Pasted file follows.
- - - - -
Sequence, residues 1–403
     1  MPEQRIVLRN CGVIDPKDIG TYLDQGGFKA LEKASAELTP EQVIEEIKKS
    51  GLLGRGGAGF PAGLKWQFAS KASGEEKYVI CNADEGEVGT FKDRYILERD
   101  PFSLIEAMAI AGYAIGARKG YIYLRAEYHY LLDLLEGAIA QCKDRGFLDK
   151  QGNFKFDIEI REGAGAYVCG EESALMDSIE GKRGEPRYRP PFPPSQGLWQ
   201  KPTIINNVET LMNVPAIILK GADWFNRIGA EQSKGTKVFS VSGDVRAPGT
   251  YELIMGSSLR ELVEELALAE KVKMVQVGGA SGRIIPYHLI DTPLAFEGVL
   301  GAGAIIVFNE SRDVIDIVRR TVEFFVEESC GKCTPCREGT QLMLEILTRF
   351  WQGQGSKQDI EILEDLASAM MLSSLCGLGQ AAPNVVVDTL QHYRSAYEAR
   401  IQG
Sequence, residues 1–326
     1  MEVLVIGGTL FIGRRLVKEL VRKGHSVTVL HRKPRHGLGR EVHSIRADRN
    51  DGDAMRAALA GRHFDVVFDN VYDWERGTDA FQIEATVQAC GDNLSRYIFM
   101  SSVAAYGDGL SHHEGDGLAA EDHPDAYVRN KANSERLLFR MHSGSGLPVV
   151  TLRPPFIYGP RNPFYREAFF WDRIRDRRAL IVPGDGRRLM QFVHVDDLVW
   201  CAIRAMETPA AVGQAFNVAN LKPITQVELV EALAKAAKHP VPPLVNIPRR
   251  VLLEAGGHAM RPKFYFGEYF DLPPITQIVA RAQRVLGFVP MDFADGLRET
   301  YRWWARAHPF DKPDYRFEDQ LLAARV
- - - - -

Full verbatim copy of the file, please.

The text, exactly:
Sequence, residues 1–403
     1  MPEQRIVLRN CGVIDPKDIG TYLDQGGFKA LEKASAELTP EQVIEEIKKS
    51  GLLGRGGAGF PAGLKWQFAS KASGEEKYVI CNADEGEVGT FKDRYILERD
   101  PFSLIEAMAI AGYAIGARKG YIYLRAEYHY LLDLLEGAIA QCKDRGFLDK
   151  QGNFKFDIEI REGAGAYVCG EESALMDSIE GKRGEPRYRP PFPPSQGLWQ
   201  KPTIINNVET LMNVPAIILK GADWFNRIGA EQSKGTKVFS VSGDVRAPGT
   251  YELIMGSSLR ELVEELALAE KVKMVQVGGA SGRIIPYHLI DTPLAFEGVL
   301  GAGAIIVFNE SRDVIDIVRR TVEFFVEESC GKCTPCREGT QLMLEILTRF
   351  WQGQGSKQDI EILEDLASAM MLSSLCGLGQ AAPNVVVDTL QHYRSAYEAR
   401  IQG
Sequence, residues 1–326
     1  MEVLVIGGTL FIGRRLVKEL VRKGHSVTVL HRKPRHGLGR EVHSIRADRN
    51  DGDAMRAALA GRHFDVVFDN VYDWERGTDA FQIEATVQAC GDNLSRYIFM
   101  SSVAAYGDGL SHHEGDGLAA EDHPDAYVRN KANSERLLFR MHSGSGLPVV
   151  TLRPPFIYGP RNPFYREAFF WDRIRDRRAL IVPGDGRRLM QFVHVDDLVW
   201  CAIRAMETPA AVGQAFNVAN LKPITQVELV EALAKAAKHP VPPLVNIPRR
   251  VLLEAGGHAM RPKFYFGEYF DLPPITQIVA RAQRVLGFVP MDFADGLRET
   301  YRWWARAHPF DKPDYRFEDQ LLAARV